The public is cordially invited to attend two special evenings at the Great Falls Library on Thursdays, Nov. 7 and Nov. 14, from 7 to 8 p.m. Admission is free.
On Thursday, Nov. 7, John Francis McCabe will give a talk titled “The Art of Portraiture—a Historic Look at the Greatest Works of European Fine Art Portraiture.” From the late Renaissance to the genre’s great achievements in the 19th century, the talk will present and discuss examples of paintings from Da Vinci to Holbein to John Singer Sargent. A number of works will be presented, including Vermeer’s “Girl with the Red Hat” and Thomas Eakin’s “The Gross Clinic.” The talk will cover the most interesting aspects of their origin, history and impact, as well as little known cultural and psychological backgrounds of these selected iconic paintings.
On Thursday, Nov. 14, Judith St. Ledger-Roty will give a talk about “The Social, Religious and Artistic Role of Color” with an emphasis on the historical evolution of color in dyes and pigments from ancient times to the present day. She will discuss what natural materials make what colors. She will relate how and when the transformation of the Virgin Mary's clothing to blue took place, in both artistry and symbolism. She will also touch on the possible origin of today's "little black dress." According to St. Ledger-Roty, color has been the cause of wars; the cause of exploration; responsible for advances and defeats in botany; and used to determine religious as well as social hierarchies.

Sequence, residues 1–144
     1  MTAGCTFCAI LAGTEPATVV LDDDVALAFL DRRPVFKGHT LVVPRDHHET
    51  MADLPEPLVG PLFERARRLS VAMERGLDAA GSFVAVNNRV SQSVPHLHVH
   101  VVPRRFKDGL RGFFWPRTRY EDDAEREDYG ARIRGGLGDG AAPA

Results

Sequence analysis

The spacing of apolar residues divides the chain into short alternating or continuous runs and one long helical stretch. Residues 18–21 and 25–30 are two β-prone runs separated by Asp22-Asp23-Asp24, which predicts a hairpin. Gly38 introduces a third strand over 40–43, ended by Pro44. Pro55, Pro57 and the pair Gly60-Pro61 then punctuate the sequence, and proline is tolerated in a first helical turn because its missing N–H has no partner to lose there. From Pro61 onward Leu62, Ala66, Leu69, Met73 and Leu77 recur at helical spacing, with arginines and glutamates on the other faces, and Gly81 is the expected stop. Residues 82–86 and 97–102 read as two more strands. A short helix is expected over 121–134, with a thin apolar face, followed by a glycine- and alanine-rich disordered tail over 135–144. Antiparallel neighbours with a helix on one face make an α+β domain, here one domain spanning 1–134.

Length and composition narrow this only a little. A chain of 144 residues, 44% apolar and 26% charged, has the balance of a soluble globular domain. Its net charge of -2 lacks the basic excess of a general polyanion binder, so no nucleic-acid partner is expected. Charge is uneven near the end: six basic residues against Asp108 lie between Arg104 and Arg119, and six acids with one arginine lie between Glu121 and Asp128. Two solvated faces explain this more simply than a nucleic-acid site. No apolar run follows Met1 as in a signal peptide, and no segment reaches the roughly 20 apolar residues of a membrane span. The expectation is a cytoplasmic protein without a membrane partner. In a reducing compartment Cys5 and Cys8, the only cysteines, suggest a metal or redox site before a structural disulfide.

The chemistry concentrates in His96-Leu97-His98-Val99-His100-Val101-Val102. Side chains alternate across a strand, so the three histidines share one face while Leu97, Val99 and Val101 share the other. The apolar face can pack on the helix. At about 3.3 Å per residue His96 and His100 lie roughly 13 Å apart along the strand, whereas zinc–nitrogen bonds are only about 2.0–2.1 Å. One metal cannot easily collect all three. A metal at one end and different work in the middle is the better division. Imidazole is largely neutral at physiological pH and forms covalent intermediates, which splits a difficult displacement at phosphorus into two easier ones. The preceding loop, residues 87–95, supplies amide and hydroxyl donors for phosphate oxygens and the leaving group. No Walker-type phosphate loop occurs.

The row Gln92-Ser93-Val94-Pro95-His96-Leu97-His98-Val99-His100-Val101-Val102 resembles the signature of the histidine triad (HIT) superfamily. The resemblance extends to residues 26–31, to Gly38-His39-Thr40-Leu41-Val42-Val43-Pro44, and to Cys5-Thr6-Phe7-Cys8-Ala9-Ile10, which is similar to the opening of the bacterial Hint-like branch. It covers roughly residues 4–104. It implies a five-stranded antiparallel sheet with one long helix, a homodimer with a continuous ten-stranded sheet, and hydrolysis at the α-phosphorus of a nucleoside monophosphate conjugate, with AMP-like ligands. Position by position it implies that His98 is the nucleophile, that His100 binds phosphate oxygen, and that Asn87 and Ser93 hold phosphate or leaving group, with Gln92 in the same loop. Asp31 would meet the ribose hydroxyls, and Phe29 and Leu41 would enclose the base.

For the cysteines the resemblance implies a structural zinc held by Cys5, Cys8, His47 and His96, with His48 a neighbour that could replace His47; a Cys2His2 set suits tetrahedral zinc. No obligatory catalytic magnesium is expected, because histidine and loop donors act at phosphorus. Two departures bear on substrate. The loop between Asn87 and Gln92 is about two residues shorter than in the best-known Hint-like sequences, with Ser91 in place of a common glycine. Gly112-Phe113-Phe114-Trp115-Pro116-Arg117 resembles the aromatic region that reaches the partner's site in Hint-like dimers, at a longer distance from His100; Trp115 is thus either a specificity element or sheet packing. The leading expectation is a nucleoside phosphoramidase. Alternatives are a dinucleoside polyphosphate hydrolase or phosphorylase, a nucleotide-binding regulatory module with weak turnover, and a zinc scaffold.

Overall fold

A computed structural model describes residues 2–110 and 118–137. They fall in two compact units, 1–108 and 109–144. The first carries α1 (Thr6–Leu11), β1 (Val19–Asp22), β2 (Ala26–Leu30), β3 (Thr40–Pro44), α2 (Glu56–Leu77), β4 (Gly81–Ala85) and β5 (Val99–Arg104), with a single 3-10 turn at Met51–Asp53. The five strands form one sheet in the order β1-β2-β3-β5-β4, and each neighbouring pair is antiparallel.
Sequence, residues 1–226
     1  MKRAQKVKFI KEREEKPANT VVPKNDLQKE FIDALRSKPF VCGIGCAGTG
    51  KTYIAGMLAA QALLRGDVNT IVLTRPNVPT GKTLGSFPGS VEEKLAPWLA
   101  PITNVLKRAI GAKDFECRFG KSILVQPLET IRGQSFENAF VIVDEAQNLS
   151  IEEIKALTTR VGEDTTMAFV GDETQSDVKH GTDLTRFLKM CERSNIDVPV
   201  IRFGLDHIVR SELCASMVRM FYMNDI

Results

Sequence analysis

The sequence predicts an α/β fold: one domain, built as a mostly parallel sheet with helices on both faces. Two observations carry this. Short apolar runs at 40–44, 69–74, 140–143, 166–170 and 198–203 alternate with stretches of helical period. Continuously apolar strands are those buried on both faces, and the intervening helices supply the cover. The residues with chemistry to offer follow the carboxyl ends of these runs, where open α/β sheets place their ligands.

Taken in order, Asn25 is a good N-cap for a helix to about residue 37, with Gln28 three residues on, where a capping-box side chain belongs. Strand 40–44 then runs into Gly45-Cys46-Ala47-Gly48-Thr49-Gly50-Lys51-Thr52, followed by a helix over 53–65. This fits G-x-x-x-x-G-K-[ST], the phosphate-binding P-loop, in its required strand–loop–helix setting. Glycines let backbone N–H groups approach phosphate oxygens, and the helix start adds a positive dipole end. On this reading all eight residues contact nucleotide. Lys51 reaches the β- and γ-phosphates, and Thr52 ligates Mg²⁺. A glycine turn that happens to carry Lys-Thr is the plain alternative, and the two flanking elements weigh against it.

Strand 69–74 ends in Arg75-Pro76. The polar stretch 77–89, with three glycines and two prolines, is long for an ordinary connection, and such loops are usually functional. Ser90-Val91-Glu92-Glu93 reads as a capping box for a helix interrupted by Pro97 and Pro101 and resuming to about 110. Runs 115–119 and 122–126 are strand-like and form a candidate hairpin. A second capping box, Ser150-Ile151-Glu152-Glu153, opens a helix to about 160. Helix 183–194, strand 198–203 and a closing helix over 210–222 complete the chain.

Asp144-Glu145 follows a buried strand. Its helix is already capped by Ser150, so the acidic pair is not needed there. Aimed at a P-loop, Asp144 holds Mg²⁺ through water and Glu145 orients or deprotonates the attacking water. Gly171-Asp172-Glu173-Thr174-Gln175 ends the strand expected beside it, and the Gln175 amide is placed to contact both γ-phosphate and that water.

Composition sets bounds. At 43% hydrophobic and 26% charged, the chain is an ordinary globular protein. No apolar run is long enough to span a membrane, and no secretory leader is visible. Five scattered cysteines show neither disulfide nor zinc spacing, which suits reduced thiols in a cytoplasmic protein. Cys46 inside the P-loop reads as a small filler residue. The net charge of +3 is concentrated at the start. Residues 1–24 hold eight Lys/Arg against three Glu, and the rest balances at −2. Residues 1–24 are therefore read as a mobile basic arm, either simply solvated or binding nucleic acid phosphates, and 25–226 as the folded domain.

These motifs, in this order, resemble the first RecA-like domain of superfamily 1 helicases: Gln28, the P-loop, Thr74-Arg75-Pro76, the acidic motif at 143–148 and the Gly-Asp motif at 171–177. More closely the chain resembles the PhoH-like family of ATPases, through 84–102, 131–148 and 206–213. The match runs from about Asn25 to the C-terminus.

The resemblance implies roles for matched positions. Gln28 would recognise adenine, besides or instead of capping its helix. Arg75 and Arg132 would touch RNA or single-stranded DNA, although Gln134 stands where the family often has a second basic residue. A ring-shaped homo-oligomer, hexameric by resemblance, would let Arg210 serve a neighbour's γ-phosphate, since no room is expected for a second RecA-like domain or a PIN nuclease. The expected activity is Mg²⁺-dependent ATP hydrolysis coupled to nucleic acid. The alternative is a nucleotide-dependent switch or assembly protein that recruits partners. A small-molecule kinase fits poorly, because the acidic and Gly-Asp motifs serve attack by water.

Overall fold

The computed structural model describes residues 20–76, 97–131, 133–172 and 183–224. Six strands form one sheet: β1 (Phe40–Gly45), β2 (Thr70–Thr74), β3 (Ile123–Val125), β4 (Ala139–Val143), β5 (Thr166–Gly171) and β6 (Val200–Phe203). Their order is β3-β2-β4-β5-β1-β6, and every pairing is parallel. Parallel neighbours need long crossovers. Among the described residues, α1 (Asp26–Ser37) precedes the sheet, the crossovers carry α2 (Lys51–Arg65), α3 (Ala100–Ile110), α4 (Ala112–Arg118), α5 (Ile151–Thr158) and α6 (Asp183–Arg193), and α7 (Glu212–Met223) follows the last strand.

These talks are part of an exhibition in November at the Great Falls Library featuring works of Judith St. Ledger-Roty, Hwa Crawford and John Francis McCabe reflecting the techniques of classical realism painting. The show will display still life works, landscapes, portraiture and other works that represent the talent and imagination of these three artists, all of whom are Great Falls residents and members of Great Falls Studios.
A reception for the exhibition will be held on Saturday, Nov. 9, at the Great Falls Library from 5 to 8 p.m.; it will be open to the public, with complimentary refreshments served.